I found myself in difficult situation so many times when I was asked to interpret while, at the same time, I expected to have my meal. So many times I did my best on satisfying the people I worked for, but could not satisfy myself. Some times I tried to eat faster and catch on the conversation. Does it make sense? Of course not. Some times I refrained from eating knowing that I will be asked to interpret, and I was still lucky with drinks. And what did I get with a drink or two? Nothing. My stomach remained empty. You see, I consider that I am working while interpreting during lunch. It's so stupid to ask the customer to compensate you with another lunch or its fair price after the meeting is over. It is maybe stupid to raise such question at all. The best answer is:
Be smarter and try to predict what can happen during lunch or dinner. The chance of you staying hungry is 99,9 %. Therefore, eat before, and exclude yourself from eating while they eat and talk. If you think you could lose some money by losing a meal, include a fair meal price into your charge, but do not specify it (sounds awful, but you may find this piece of advice useful, especially if you are offered a low rate per hour). And yes. Charge them always for your time. Be careful. Business lunch does not necessarily last as long as usual lunch break. It may last for two, sometimes three hours. Think of your job, your time, and your profession. Think ahead, think twice.

Best of luck and do not forget to eat before you go to the "flavourful" meeting.


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Claudia Iglesias  Identity Verified
Chile
Local time: 07:30
Member (2002)
Spanish to French
+ ...
TOPIC STARTER
Thank you! Mar 25, 2004

Many, many thanks...

Tomorrow I have a previous meeting, I'm going to ask many details, because at first I was told that I wouldn't need to prepare myself with technical stuff because I'd be in charge during meals only, for "social life", but then I was given the schedule of the whole day.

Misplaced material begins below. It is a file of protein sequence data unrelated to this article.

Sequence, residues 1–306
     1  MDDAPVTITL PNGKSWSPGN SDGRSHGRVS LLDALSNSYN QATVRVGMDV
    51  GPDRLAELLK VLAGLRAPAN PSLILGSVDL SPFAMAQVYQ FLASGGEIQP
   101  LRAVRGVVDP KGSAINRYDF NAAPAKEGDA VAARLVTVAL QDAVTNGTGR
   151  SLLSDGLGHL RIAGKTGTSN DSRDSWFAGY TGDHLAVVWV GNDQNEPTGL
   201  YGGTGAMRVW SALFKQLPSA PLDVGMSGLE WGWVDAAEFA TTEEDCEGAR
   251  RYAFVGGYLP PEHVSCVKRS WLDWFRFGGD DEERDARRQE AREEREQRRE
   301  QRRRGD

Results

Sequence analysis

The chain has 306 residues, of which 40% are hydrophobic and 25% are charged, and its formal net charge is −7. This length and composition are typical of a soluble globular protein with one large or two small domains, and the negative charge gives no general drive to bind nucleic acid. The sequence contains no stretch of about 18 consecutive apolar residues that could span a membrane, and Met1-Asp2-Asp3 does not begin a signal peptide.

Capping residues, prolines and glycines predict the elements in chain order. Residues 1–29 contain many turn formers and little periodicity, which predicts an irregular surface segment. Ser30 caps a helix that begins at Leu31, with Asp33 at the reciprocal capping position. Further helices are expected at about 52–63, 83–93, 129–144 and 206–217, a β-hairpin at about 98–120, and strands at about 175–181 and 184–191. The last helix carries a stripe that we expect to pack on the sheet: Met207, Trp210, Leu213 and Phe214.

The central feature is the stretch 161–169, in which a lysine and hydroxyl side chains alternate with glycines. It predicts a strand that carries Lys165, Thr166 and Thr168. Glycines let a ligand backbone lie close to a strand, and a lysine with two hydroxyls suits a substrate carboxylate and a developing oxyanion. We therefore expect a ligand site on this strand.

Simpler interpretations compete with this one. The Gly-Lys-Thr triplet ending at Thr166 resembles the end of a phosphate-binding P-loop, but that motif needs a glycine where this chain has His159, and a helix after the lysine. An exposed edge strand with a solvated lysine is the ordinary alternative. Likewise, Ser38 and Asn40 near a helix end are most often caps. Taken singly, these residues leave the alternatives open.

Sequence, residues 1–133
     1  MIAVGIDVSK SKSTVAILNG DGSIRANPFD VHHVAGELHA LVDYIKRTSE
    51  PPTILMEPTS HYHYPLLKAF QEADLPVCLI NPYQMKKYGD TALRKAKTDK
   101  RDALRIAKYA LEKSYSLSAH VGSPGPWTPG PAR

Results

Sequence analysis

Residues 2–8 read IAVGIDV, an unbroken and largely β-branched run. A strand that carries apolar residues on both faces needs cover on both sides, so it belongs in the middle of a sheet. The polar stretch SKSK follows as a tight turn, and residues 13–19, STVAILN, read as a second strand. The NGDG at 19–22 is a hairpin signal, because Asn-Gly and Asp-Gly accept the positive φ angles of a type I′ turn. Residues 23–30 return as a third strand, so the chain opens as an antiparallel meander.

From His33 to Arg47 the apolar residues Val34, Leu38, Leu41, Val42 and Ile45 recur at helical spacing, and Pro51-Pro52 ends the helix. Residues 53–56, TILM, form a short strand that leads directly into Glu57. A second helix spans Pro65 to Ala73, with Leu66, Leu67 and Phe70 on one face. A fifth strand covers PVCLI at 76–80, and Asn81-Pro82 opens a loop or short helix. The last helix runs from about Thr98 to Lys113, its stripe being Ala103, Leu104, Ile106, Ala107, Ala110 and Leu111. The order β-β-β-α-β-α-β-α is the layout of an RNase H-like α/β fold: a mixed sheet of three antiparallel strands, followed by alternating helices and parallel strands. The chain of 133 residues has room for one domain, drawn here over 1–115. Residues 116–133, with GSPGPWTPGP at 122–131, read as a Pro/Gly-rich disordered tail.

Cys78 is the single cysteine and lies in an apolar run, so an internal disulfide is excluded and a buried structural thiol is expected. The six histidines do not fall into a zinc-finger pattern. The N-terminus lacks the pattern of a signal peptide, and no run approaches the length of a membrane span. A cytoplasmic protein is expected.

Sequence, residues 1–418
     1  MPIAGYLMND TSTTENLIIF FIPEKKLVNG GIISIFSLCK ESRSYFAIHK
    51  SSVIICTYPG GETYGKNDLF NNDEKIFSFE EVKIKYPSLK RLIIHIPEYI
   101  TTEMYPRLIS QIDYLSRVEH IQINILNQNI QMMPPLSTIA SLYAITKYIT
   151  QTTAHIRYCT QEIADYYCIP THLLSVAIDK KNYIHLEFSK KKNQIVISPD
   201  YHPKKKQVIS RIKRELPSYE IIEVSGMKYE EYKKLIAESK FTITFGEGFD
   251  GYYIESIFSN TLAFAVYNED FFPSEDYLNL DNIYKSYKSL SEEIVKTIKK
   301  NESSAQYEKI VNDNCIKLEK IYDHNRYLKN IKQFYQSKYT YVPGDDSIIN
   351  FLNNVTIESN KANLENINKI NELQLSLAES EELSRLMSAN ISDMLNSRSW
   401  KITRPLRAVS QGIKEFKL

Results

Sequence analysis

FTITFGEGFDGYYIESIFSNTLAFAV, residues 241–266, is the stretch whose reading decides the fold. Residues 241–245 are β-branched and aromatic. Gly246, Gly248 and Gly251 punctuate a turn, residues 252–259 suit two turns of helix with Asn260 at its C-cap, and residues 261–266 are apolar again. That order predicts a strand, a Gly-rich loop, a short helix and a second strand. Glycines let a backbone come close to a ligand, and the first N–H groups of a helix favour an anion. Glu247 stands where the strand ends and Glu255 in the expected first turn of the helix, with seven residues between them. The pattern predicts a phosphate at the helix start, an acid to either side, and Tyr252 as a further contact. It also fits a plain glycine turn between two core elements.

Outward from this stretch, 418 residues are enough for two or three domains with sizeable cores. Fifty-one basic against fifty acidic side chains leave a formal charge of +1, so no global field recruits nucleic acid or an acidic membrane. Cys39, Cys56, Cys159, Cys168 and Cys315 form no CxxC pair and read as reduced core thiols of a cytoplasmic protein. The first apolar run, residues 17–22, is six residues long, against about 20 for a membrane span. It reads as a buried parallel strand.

Thanks to your input I see what are going to be my questions tomorrow, because a 5 days diet would be too hard.
I'm not funny at all when I remember the jokes, it's going to be difficult too, I'll do my best (and no carbonated water).
Thank you!


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Fabiana Papastefani-Pezzoni  Identity Verified
Romania
Local time: 13:30
Member (2003)
English to Albanian
+ ...
Kethi is right... Mar 25, 2004

I have now learned to order just soups in dinners like that: first, it's easy to swallow, so gives you some time while you hear for a few second the speaker, and second you get something in your stomach any way. I usually go simultaneously, but when I start to slow down, they have always understood that they have to do so, too, or just have a break. It is harder when they are more then 6-7 of them.

It is not a seen to ask for a break and instead of eating, just go out for a couple of minutes (just like Monika said) and refresh your mind. In most of the cases, they understand. The only times I haven't done that is when I have been with the Prime Minister or with the President of the Republic (of my country, Albania). The talking has been rather hectic and there is nothing you can do. You can even touch your spoon in such cases.

For this reason is also good what other colleagues have suggested: have something before, but not too much.

Have fun,

Fabi


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xxxsarahl
Local time: 03:30
English to French
+ ...
Sorry, no chow for you! Mar 26, 2004

The way it usually goes, they eat while you speak, and while the other guy speaks. You never get a chance to eat.
A practical piece of advice: don't eat onion or garlic before your assignment, you'll probably have to sit near/across from your clients and those little things can spoil a business lunch -and your reputation as a professional.
Bon ap